February 24, 2017 by David K. Sutton
Are Trump Voters Irredeemable?
Reflecting on Trump voters in the midst of Donald Trump’s presidential hell-scape, my mind ping-pongs between ridicule and bewilderment. Do we risk reinforcing the notion of liberal arrogance by saying Trump voters are irredeemable? And if we already believe they are a lost cause, does it even matter? I’m not exactly sure where I’ll end up, but I’m always seeking levelheaded arguments, meaning a degree of compassion for Trump voters might yet be conceivable.
Many liberals argue that Hillary Clinton won the popular vote and that the focus should be on rallying the base and fighting voter suppression efforts. Yes, but Democrats flopped in Congress, governor races and state legislatures. Republicans now control 68 percent of partisan legislative chambers in the U.S.
If Democrats want to battle voter suppression, it’s crucial to win local races — including in white working-class districts in Ohio, Wisconsin and elsewhere.
Let’s give it up for the man, because there’s nobody more deserving of the burgeoning resentment and hostility in this country than Donald Trump. And I can appreciate the appetite to unconditionally brandish his supporters with ceaseless rancor, because I’ve been a card-carrying member of this coterie. In our charter we address Trump’s hateful rhetoric on the backs of the powerless and the disenfranchised all while his supporters voted for more. And we confront Trump’s bullying of refugees, Muslims, and opponents, while cogitating that his supporters effectively said, ‘Good work, sign me up.’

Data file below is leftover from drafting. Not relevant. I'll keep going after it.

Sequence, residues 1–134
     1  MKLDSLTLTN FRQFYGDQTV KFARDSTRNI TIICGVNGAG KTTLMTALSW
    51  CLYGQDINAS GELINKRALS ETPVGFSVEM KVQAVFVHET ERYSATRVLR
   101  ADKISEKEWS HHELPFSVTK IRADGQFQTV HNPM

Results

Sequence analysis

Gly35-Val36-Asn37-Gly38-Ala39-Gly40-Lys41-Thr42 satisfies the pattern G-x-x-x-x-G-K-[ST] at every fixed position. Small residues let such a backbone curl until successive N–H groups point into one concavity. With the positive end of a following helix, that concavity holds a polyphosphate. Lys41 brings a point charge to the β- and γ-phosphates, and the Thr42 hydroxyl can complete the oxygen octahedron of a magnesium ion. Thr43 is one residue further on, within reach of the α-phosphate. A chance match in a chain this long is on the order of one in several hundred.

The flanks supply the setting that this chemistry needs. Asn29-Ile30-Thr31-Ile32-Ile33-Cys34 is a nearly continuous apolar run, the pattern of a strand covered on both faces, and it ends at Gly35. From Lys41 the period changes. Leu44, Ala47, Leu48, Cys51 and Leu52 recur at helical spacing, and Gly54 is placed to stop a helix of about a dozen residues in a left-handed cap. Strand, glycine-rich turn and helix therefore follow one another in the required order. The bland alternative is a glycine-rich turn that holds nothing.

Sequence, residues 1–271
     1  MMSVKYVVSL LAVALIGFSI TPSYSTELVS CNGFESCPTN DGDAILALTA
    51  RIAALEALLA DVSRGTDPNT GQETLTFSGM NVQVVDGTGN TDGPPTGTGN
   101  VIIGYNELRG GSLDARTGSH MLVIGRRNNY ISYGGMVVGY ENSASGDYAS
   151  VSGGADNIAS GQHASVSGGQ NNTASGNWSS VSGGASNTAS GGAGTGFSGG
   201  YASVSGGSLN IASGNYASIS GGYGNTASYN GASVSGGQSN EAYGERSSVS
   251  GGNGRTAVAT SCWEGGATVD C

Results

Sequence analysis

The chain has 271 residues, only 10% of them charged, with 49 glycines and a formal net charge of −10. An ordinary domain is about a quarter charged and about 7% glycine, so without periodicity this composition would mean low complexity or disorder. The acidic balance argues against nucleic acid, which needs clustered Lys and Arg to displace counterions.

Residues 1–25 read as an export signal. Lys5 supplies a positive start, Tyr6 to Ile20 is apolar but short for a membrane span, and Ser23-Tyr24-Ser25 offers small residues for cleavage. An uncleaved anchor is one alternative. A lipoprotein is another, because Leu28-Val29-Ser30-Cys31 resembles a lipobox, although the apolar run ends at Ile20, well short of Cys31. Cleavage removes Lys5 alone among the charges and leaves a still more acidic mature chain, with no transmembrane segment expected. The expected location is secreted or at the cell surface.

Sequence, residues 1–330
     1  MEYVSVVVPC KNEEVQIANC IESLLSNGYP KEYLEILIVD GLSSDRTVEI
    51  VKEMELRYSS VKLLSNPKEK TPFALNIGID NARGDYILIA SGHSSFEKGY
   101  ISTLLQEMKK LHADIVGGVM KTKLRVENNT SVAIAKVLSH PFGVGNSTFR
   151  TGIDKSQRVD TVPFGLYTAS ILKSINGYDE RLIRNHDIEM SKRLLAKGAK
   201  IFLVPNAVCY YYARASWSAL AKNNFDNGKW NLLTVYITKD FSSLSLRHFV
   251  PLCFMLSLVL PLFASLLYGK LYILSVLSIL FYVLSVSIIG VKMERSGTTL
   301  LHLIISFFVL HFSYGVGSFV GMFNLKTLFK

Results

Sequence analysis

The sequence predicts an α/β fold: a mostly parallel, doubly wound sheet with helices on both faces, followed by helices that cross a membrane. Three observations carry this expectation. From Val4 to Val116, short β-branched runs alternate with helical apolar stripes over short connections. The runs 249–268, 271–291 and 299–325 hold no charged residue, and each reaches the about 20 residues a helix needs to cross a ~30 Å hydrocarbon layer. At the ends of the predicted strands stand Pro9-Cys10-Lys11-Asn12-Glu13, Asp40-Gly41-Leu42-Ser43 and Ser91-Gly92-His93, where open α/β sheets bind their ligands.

No doubt we all know somebody who voted for Trump, and hopefully in most cases these friendships have endured. Where that is true, it is because we recognize the error in making sweeping judgments. We can believe Trump voters are wrong, but we can also believe they are not all uncaring racists. Bigoted Trump voters do exist, but just as likely there are Trump supporters who voted for him for reasons more varied than racism and discrimination.
Even if we believe Trump voters tacitly endorsed discrimination simply by voting for him, wielding that schism as a political weapon likely won’t get us very far at the ballot box. This is not a call to understand or appeal to bigoted views. This is instead a call for liberals and the Democratic Party to better understand how to appeal to these voters. We do not have to embrace views we disapprove of to find common ground. Ever entwined are Democrats, liberals, and identity politics, so when it comes to the rural white working-class, we need to find a way to make identity politics work for us. Because politics is always about who we are as people, it is futile to try to remove “identity” from politics.
“[P]olitics is not and will never be a public policy seminar,” says Matthew Yglesias on Vox. People do not respond to abstract policies, they respond to issues that affect them personally. “People have identities, and people are mobilized politically around those identities. There is no other way to do politics than to do identity politics.” What “identity” should liberals and Democrats appeal to? We will need to figure that out if we wish to win the presidency, let alone flip state and local elections.